“Mom, maybe she went down the alley before Main Street?”
We drove a circle around the neighborhood and up and down all the streets. The woman was gone. Son and I wondered. How could a slow-moving woman disappear so quickly? The cops arrived later. We told them the whole story.
“Maybe someone is looking for her. Maybe she is an old woman with dementia, lost?” I said.
The cops said they would drive around and look out for her.
Now, as son and I think it over, we realize that I was a bit foolish to call the cops. What is the danger of an old woman sitting in a chair enjoying a cigarette?
“When she took her hoodie from her head she was wearing a gold head-piece, maybe like a scarf,” said son.
The only thing that now remains of the mystery lady is the cigarette- butt below the white chair. I kicked the butt aside into the green lawn because the desire to smoke one myself still pulls at me. I had a feeling as if seeing a wild thing. Sometimes wild ducks come and swim in our pool and now and then we see coyotes, possums and raccoons. Maybe she was a wild crone?

 

Yes, Someone Keeps Leaving Flowers On My Front Doorsteps

Flowers by Hudley

It was my true days of independent living on the east coast where I learned to be truly responsible for others besides myself. I was alone living in the maid’s room converted into an apartment of a four-story lovely old Victorian house. 1990.


“Can I buy you another coffee?” I said to the man I called Desperado.

Walking to work I often saw Desperado. He also shared a room at the Victorian house.  He hung out at the local coffee shop otherwise he hit the booze.  He symbolized the furthest I have been away from California dreaming. That song synchronized embarrassment every time it played on the radio,

“All the leaves are brown, and the sky is grey. I have been for a walk on a winter’s day. I’d be safe and warm if I were in LA, California dreaming on such a winter’s day”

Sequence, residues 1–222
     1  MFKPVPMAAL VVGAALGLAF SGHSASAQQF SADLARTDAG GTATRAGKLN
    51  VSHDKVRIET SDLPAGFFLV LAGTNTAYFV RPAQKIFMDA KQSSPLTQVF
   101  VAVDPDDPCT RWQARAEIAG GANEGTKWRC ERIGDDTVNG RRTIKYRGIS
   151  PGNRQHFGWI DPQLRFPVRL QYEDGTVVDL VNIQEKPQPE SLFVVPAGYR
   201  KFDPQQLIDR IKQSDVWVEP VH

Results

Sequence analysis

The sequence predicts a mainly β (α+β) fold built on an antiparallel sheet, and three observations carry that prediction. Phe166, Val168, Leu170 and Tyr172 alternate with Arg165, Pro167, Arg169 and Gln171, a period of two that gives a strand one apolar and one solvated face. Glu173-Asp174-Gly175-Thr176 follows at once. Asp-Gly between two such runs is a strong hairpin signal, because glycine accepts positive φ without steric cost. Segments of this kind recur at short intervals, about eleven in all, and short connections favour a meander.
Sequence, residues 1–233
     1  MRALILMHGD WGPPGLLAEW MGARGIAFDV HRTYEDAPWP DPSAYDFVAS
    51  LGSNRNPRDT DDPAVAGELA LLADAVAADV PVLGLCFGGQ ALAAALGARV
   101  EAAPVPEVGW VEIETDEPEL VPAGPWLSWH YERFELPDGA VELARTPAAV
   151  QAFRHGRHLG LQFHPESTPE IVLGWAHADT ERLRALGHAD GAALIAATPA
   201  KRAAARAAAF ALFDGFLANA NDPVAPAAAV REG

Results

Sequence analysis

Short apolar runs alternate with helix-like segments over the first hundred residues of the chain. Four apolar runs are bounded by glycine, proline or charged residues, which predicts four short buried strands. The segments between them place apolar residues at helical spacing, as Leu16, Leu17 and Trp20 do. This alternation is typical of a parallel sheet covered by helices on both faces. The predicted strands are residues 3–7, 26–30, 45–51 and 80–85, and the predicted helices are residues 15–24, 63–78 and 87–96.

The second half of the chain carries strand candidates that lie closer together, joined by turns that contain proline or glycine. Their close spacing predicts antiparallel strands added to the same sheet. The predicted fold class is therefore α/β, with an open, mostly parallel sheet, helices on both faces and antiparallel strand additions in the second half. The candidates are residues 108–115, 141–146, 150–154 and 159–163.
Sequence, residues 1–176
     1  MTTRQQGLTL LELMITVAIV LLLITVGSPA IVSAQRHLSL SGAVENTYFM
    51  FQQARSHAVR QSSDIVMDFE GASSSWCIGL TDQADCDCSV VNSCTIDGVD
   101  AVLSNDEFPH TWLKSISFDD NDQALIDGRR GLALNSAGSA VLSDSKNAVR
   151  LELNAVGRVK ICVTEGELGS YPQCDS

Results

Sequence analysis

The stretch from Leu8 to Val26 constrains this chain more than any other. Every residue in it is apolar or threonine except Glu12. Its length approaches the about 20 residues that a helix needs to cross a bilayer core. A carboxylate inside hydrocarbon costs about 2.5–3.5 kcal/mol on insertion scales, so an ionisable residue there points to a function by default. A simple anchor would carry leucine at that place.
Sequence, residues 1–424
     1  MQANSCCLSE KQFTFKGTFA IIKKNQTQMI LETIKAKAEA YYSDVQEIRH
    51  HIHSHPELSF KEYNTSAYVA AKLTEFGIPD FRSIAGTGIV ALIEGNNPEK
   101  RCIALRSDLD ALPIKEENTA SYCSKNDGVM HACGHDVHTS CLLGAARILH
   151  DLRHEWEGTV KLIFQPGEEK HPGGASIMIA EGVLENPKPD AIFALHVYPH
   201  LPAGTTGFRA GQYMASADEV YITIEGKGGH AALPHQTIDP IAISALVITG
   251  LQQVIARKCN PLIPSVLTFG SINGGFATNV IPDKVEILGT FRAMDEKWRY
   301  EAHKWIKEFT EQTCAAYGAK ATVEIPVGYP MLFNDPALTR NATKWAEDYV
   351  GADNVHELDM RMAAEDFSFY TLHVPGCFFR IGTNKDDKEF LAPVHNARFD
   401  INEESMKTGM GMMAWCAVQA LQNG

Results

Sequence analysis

Rochester New York is humid-hot-thunder storms in the summer and freezing in the winter.  Walking through tunnels made of snow made me shiver; sometimes the two native American chiefs were lying on the street. One evening they recited Edgar Allen Poe’s The Raven.  Broken bottles framed around them as they shouted,

“Vainly I had sought to borrow,

From my books surcease of sorrow—sorrow for the lost Lenore.”

Then they chanted together,

“We went to the best colleges in the country!”

They made me laugh.

I just listened and observed that autumn and winter. The only time my eyes lit-up is when I went to the local bar. One, two, three, four shots turned upside down. It was not to set me up for a quick date. It was a friendly gesture of east coast drunks.  I felt safe here where the men danced together.

My white nurse outfit and nurse shoes took me to the untouchables of the city. I was not cared about, so I tried to care about others, those that were almost dead to the world.

One late evening while walking back to my apartment from work, a New York detective greeted me. The neighborhood was blocked off with yellow tape.

“Nurse could you step over here I need to talk to you?”

“I am not a nurse.  I work at the local Visiting Nurses Association as a Home Health Aide.” He then asked where I lived, and I told him.

“Miss, a woman was murdered across from your home. Have you noticed anything unusual over the last few days?”

“Yes, someone keeps leaving flowers on my front doorsteps.”

He smiled, but Mr. Detective did not seem interested and then said quickly,

“A body was dumped in the large trash dumpster across from where you are now living… we need you to call this number if you see anything unusual.” He handed me his card.

I was screaming in my head as my heart raced. Thinking to myself,

“That dark alley…  the one I walk pass almost every night?”